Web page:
Author Urges Students to Question, to Speak, and to Actby Steve Charles • March 28, 2006 Share:
During her Monday evening talk in Salter Hall, writer/activist Terry Tempest Williams asked Wabash students, "How many of you know personally someone who is currently serving in Iraq?"
Williams scanned the audience as dozens of hands went up.
"This is profound," she said. "Iraq is your generation's war. The question is, 'How will you serve?'"
In a gentle yet powerful voice, Williams offered examples of environmental and political issues where such attention and service is needed. She urged Wabash students to engage those issues, debate them, listen to the points of view of others, and to find common ground to change what needs to be changed—"to question, to stand, to speak, and to act." "We are asleep in this country," she said. "We need to wake up and take our stand in the open space of democracy."
She defined that open space Monday night through stories.
Williams described the Castle Rock Collaboration, in which residents with contrasting political and religious beliefs from Castle Valley, Utah have come together to protect, purchase, and manage open lands adjacent to the town.
"Each of us registered what our gifts were, and brought those talents to serve the group," Williams explained, noting that the fledgling organization was able to raise $2 million to purchase land that was being sold to developers. "Communities can band together around a common cause, but we have to listen; we have to learn from each other."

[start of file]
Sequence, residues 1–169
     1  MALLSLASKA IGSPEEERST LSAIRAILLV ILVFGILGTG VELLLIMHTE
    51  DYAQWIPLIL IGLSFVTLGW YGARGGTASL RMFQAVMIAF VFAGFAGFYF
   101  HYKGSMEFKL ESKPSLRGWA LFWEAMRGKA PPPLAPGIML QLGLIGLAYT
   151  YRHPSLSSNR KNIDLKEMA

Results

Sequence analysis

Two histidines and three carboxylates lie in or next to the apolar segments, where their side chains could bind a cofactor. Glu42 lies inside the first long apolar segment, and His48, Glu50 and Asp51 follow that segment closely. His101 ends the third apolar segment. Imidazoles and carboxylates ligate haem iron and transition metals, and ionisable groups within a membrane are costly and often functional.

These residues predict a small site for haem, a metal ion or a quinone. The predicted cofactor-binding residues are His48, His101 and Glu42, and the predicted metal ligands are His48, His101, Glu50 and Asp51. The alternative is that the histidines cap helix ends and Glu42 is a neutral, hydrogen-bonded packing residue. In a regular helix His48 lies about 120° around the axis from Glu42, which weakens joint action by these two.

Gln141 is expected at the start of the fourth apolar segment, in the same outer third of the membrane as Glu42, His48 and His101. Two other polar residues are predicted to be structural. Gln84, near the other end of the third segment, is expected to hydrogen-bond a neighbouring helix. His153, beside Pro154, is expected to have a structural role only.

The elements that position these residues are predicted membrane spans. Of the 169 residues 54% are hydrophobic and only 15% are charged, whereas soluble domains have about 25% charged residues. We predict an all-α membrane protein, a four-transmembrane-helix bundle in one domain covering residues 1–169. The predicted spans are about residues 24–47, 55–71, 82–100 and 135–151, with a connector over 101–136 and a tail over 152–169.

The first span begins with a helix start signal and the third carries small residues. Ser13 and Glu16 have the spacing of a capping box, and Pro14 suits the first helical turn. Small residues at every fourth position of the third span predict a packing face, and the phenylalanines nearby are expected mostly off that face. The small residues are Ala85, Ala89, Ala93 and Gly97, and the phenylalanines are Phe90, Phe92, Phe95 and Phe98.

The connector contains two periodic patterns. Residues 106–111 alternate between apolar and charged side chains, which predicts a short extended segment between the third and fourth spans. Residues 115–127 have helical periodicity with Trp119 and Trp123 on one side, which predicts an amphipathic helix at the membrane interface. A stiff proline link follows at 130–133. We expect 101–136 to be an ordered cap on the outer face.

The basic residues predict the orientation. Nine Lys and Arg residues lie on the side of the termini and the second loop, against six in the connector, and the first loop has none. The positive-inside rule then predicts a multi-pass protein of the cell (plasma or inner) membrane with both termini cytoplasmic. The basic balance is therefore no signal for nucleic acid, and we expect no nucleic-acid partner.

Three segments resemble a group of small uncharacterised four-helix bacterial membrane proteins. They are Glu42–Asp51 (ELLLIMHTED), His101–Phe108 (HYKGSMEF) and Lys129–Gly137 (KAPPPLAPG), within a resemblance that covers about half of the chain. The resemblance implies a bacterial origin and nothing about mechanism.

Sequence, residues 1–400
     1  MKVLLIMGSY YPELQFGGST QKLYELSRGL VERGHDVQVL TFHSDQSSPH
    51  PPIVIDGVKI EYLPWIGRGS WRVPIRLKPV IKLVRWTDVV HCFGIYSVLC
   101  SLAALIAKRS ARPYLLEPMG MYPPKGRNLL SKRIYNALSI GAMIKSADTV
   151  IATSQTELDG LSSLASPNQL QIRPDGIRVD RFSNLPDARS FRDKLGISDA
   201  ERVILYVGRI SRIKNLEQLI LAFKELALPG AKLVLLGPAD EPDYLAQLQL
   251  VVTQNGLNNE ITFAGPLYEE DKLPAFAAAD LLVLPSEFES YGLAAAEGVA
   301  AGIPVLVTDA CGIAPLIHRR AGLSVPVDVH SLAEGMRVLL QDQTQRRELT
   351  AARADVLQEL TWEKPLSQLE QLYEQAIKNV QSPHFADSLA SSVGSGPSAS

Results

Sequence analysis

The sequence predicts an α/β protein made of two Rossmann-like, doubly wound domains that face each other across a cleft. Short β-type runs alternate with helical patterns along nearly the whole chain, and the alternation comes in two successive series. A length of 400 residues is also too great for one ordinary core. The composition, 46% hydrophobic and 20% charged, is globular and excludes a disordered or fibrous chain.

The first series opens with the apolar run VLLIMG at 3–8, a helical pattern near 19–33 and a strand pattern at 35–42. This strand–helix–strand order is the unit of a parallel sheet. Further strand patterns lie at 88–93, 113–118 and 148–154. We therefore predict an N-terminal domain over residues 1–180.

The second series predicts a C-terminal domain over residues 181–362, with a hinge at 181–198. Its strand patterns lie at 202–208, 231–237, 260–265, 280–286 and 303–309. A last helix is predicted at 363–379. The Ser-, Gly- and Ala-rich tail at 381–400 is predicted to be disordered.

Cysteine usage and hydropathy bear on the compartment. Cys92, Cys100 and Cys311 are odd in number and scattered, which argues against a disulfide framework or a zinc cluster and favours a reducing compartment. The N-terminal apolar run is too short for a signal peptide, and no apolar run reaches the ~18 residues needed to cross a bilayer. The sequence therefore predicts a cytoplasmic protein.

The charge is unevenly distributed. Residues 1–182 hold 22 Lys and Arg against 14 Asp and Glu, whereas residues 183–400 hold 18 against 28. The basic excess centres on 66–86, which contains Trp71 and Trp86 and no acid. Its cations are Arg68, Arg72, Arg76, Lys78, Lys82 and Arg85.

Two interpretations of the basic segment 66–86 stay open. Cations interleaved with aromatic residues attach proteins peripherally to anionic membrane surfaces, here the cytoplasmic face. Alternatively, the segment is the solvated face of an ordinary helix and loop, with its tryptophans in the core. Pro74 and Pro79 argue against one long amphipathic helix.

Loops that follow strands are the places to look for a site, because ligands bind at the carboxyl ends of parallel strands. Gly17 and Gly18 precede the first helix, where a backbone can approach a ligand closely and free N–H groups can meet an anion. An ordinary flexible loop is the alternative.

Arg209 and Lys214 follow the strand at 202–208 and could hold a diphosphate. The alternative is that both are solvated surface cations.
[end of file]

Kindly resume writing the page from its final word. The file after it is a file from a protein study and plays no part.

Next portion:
Williams recalled an incident at Florida Gulf Coast University, where an invitation she'd received to speak on campus was suddenly withdrawn two weeks before the Presidential Election of 2004. A large group of students, from Young Republicans to the Young Democrats and others, protested the college's decision and invited her to speak off-campus. The controversy exploded when Vice President Dick Cheney was asked to speak there, and student intervention resulted in both Cheney and Williams presenting their views and sitting together at a convocation.
"Student action led to a new policy," Williams said. "They demonstrated the singular beauty of one true voice—this is what the open space of democracy looks like."
Describing the 2003 march of thousands to the White House to protest the invasion of Iraq, Williams described the police barricades at the entrance to Lafayette Square, a public park across from the White House.
"Rachel Bagby, an African American woman, walked to where an African American policeman was standing in line, and she began to sing," Williams recalled. "With tears in his eyes, the officer stepped back, and that was our passage through to the White House. That is what the open space of democracy looks like."
During the question and answer session, senior Tim Flowers asked the author if her mind had ever been changed by the passionate exchanges of opposing view she advocates.
"I think I've changed my views on wilderness," Williams said. "I've been too narrow there."
"We are a nation at war with ourselves," Williams lamented, quoting the late Arizona Congressman Morris Udall.
"He used to pride himself on being a member of Congress, a place where members were 'free to disagree, had the capacity to listen, and the obligation to grow.' I wonder if we've lost that."